"Baseball is a wide-open sport,” [Rob Manfred, commissioner-elect of Major League Baseball" said. He added, “It’s a great sport for people from all sorts of backgrounds.”
Yet as the 2014 season opened, only 8.3 percent of major league players were African-American, according to the league. That is a drop from a high of 19 percent of players in 1986, according to the Society of American Baseball Research.
Many theories have been proposed to explain the dwindling participation of young players in urban areas: a lack of space, a dearth of organized programs to replace the lost traditions of sandlot ball and street games, the small number of college scholarships available, the expense of buying equipment and playing in elite travel leagues … Yankees pitcher C. C. Sabathia recently told The New York Times that the tradition of children playing catch with their fathers was difficult to sustain in one-parent households. “It’s hard to get kids to play,” he said.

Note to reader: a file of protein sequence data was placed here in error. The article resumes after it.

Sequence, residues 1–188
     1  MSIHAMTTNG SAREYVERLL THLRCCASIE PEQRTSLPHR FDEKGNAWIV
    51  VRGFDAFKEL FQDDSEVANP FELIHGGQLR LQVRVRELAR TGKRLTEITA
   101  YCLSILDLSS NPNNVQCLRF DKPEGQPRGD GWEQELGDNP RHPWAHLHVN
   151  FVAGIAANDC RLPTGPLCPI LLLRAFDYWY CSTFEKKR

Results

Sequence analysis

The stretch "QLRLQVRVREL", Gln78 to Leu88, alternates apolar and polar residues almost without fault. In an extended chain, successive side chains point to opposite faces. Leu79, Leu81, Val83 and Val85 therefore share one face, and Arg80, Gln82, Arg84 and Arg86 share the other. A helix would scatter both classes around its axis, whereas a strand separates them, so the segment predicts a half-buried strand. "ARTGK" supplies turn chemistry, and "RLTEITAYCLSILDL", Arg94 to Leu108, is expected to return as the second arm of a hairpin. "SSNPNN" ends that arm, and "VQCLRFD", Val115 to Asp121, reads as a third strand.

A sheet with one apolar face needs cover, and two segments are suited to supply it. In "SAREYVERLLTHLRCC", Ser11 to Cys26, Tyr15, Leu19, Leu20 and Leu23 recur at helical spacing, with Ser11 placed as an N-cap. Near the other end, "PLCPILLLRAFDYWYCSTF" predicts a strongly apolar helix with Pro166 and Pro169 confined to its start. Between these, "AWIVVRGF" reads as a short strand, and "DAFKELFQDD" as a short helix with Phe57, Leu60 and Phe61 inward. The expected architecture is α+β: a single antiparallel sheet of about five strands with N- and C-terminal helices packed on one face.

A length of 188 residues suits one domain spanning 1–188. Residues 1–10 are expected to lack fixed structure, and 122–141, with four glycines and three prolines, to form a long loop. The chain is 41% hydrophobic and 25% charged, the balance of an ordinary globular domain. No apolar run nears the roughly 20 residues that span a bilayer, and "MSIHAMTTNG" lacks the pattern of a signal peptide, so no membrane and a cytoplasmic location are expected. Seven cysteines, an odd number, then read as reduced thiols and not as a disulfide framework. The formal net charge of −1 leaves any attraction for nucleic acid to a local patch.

Martha Ackmann, a professor of gender studies at Mount Holyoke College, said the promotional appeal of baseball as a nostalgic sport had contributed to a lack of racial and gender diversity.
“If we keep looking back to the good old days, we’re not looking forward,” Ackmann, who has written widely about baseball, said in a telephone interview.